When a company outside the Java ecology tries to confuse its audience about Java technology and the JCP, that is expected. But for companies that benefit from this ecology, it's disappointing when they only manage to find negativity.
Sun's Jeff Jackson, vice president of the Java Developer Platforms Group at Sun Microsystems, remarked, "We need to credit the JCP and foster it, and emphasize how open it really is." Some people wonder how open the JCP really is. Can you clarify this for us?
It is much more open than many people realize. A look at the membership illustrates this. The majority of the membership is now made up of individual developers -- individual developers who have the same rights and obligations in the community as companies like SAP, Intel, JBoss, or Sun, for that matter. They can and do participate in expert groups, lead JSRs, vote in the yearly elections for the ECs, and actually serve on these committees. This is one of the things that makes the JCP unique.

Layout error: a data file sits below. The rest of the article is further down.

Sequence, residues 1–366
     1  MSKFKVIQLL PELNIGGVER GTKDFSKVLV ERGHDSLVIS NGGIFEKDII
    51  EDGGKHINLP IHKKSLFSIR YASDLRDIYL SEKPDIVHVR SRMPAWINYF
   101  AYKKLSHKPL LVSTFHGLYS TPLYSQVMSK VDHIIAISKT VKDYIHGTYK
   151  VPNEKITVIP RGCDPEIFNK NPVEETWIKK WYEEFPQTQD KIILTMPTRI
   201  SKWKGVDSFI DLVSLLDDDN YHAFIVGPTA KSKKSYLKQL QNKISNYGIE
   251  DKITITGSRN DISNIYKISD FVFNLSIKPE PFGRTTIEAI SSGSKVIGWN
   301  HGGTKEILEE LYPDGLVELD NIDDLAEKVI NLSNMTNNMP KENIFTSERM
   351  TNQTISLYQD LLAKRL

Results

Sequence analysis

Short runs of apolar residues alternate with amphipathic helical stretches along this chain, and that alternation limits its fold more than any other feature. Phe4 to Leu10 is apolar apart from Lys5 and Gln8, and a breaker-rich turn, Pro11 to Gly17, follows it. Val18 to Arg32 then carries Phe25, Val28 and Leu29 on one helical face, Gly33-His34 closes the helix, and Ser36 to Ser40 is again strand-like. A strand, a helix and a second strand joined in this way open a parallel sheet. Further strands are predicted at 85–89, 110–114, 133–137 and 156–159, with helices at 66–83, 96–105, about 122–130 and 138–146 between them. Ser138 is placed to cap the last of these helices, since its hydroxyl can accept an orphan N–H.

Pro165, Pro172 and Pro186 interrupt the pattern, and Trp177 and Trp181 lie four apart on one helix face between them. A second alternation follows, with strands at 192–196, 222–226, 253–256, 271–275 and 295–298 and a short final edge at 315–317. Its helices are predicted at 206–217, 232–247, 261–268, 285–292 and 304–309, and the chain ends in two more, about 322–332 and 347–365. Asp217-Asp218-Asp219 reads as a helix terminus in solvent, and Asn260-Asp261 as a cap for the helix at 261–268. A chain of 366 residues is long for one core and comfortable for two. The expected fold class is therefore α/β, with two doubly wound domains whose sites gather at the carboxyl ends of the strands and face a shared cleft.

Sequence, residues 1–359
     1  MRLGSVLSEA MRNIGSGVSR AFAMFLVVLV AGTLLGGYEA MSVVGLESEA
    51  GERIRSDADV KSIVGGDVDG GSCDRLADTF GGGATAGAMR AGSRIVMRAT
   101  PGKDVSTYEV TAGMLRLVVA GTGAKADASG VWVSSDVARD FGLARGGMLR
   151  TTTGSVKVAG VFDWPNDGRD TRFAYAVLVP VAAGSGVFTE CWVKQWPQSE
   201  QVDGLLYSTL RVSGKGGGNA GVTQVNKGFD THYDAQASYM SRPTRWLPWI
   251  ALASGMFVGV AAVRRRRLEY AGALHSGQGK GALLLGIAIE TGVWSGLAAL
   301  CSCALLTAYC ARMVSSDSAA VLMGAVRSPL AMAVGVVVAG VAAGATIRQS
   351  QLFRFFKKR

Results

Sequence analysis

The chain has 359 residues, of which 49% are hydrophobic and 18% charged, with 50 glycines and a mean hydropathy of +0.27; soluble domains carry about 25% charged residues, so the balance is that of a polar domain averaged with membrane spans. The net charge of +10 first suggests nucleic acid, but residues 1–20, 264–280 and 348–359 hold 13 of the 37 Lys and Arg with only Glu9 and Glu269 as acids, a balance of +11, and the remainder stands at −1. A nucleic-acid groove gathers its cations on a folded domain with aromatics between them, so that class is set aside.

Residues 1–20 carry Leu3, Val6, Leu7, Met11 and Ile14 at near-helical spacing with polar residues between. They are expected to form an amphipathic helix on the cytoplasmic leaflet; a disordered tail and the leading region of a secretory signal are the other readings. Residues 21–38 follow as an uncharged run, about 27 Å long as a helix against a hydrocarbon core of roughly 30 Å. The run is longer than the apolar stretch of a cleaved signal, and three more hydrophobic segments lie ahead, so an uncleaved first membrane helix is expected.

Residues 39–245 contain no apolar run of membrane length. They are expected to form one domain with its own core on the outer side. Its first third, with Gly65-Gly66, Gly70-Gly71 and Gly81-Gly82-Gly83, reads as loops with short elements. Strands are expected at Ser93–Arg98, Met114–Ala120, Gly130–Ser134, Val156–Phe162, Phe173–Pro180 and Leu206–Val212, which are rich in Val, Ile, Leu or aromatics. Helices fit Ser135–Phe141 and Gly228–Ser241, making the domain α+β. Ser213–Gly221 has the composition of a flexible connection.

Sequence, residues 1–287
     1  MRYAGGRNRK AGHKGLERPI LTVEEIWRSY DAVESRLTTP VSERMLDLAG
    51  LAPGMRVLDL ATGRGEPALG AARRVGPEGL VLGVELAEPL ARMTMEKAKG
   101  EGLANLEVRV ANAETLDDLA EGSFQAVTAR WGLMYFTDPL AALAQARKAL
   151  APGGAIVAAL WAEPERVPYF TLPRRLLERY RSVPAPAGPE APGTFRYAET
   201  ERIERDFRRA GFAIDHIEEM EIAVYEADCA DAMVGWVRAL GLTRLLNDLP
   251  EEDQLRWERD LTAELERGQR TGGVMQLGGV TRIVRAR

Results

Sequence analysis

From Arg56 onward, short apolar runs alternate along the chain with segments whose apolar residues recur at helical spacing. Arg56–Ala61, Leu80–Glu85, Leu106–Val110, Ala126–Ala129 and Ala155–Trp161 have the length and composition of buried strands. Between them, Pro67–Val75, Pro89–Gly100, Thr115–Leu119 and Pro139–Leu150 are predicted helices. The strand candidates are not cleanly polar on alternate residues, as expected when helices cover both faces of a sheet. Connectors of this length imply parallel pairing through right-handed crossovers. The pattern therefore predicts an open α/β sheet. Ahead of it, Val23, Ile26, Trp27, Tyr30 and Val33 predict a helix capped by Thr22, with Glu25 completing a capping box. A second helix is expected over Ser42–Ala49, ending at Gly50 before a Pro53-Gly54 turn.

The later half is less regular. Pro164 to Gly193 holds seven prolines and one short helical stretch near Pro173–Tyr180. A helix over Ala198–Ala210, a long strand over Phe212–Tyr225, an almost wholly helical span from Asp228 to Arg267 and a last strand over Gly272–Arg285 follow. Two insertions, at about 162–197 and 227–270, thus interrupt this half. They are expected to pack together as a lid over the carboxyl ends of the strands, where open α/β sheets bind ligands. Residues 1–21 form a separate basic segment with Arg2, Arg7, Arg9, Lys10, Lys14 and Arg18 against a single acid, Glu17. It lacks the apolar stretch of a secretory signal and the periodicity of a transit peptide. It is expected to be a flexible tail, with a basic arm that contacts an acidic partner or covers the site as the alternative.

All draft specs are publicly accessible to members and nonmembers alike. The voting by EC members during JSR ballots is public as well. And this voting is equally binding to Sun for the JSRs that it leads. Key JSRs are led by others than Sun. This is especially apparent in the Java ME space with MIDP (Mobile Information Device Profile) being led by Motorola and JSRs 248 and 249 being led jointly by Vodafone and Nokia.
How has J2SE 5.0 been received?
It appears that developers really like many of the new language features such as generics, annotations, autoboxing, and the concurrency utilities. Generics and annotations especially help developers to be more productive and develop higher-quality code: There is less boilerplate coding, less typing, and thus fewer chances to make mistakes.